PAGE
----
Ham, corned beef, smoked turkey -- deli sandwiches made with these meats are delicious served alongside a chilled salad. Cold salads
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Cold salads built around vegetables offer nutritional benefits as well as belly-filling fiber with little fat. Veggie-based cold salad favorites include coleslaw, three-bean salad, potato salad, broccoli salad and any variety of mixed greens. Generally, you can make any of these salads by combining the main ingredient -- such as shredded cabbage in coleslaw, or garbanzo, kidney and wax beans in the three-bean salad -- with a fat-based dressing such as vinegar and oil or mayonnaise. Adding a protein ingredient such as chicken or fish elevates these cold salads to entree status.
Cold salads made with a vinegar-and-oil base last longer out of the refrigerator than salads with cream or mayonnaise bases.
Pasta salads can add a high number of carbohydrates, so serve smaller portions than you would of vegetable- or fruit-based salads if you are watching carbs. Choices include a basic macaroni salad or any of a myriad of variations on the pasta-dressing combo, including pasta salad with tuna or chicken. Other grain salads can be healthy choices when you are looking for higher-fiber options. These include quinoa, couscous and tabouleh salads. Most of these salads combine the grain with a dressing and incorporate fresh chopped veggies and herbs into the dish.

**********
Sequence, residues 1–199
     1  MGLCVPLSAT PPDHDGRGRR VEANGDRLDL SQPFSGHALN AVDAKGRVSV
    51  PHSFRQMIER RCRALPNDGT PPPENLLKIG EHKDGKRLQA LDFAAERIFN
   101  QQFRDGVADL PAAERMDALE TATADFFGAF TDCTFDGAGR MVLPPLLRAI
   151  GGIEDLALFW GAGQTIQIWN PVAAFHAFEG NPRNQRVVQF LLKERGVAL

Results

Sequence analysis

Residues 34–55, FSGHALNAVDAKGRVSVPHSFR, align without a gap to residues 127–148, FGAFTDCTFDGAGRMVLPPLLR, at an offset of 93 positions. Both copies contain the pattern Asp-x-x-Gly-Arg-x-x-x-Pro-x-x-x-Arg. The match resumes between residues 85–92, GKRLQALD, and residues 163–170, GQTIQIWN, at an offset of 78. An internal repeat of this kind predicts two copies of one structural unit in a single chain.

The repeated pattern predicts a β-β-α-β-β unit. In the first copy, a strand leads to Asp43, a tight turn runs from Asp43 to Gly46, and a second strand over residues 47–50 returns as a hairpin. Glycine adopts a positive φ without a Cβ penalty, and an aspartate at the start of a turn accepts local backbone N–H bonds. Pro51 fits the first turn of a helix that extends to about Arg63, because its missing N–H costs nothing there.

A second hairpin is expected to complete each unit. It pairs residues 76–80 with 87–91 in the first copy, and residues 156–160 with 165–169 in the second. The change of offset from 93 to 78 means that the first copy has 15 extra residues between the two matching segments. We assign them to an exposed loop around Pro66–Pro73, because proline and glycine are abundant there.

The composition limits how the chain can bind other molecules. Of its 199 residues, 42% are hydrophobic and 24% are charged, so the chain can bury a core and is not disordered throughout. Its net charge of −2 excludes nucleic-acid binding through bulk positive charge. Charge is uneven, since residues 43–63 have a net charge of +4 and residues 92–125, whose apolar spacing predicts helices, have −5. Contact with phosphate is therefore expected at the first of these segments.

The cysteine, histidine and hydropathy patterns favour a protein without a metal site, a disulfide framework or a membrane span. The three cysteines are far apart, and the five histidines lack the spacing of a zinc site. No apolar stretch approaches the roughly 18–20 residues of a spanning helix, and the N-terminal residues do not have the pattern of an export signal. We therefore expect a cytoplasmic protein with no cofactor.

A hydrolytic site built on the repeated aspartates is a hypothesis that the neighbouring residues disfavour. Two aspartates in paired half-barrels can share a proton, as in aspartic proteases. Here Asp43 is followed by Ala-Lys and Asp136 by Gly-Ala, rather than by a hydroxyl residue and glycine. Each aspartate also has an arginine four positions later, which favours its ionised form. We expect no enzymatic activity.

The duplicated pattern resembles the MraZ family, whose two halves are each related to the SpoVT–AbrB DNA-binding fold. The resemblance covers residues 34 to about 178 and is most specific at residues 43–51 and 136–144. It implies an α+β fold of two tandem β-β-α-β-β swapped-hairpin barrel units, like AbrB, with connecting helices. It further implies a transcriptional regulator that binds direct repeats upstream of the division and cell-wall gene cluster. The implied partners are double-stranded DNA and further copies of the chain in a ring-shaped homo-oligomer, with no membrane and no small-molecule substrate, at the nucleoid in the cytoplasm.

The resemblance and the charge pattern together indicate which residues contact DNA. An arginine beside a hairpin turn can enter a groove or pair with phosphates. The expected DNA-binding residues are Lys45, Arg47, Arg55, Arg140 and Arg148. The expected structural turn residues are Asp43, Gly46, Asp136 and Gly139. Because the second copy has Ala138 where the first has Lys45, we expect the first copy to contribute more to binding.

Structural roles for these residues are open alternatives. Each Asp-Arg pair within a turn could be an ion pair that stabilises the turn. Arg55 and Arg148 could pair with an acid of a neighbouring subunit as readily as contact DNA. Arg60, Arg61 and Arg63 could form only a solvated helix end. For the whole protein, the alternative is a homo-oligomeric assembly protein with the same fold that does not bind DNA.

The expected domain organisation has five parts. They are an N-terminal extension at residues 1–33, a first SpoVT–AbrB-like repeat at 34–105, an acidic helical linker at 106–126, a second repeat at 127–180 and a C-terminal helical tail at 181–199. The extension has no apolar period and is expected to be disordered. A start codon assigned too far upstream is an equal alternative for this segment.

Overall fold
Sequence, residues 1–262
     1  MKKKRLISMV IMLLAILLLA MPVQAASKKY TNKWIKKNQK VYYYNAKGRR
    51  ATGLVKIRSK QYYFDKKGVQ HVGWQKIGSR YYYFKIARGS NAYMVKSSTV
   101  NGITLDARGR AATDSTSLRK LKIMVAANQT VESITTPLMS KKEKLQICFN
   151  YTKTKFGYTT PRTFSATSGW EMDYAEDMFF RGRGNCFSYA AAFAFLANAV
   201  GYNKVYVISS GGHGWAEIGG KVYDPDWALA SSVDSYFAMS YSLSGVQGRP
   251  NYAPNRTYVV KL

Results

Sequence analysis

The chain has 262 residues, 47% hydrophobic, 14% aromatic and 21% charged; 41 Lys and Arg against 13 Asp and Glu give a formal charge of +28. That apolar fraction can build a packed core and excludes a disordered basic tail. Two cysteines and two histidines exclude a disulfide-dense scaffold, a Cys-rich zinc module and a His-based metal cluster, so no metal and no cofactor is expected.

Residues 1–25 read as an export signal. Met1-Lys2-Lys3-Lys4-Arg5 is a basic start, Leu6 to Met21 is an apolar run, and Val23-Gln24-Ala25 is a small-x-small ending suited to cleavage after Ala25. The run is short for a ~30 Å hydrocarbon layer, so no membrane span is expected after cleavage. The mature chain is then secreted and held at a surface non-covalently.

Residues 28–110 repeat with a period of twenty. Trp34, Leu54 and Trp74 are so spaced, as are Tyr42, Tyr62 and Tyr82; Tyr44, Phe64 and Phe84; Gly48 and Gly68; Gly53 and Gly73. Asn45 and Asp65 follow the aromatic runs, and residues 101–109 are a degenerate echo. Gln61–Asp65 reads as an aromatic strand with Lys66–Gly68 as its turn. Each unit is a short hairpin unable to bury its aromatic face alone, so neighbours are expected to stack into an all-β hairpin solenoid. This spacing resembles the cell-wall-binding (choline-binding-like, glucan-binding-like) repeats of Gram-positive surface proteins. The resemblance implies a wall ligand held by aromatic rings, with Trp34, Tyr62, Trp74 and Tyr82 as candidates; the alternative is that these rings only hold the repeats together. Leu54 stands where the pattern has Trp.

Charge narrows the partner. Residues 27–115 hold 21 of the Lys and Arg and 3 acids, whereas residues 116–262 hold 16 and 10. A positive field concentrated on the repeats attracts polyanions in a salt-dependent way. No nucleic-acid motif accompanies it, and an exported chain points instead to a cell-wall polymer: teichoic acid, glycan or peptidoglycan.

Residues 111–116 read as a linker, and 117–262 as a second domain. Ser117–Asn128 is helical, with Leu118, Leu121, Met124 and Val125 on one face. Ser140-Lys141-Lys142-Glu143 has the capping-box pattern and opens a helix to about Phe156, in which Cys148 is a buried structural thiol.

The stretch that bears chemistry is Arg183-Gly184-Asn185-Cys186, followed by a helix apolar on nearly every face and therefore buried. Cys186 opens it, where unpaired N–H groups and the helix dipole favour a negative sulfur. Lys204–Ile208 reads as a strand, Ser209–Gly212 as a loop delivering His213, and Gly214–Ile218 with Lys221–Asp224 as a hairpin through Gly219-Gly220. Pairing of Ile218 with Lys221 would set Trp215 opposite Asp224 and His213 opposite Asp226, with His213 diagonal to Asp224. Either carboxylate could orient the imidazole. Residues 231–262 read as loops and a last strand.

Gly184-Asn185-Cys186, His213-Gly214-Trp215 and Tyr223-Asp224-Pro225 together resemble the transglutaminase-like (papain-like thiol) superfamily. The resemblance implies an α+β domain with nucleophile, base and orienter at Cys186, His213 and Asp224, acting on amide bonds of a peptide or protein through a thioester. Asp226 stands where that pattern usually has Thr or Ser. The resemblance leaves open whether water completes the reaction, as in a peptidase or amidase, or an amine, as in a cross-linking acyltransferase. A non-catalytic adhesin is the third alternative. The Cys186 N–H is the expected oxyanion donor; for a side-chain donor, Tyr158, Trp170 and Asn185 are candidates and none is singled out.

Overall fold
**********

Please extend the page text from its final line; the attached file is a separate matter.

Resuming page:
Fruit salads are packed with vitamins and fiber and taste great served with a deli sandwich on a hot day. Mixed fruit salad may include ingredients such as watermelon, oranges, apples, strawberries, grapes, bananas, blueberries and other in-season fruit. Ambrosia salad is a whipped-cream-based salad with fruit cocktail and walnuts, and Waldorf salad is a variation of ambrosia salad that substitutes chopped apples for the fruit cocktail and mayonnaise for the whipped cream.
When serving fruit-based salad that contain a lot of juice alongside a deli sandwich, use a separate bowl or cup to prevent the bread from getting soggy.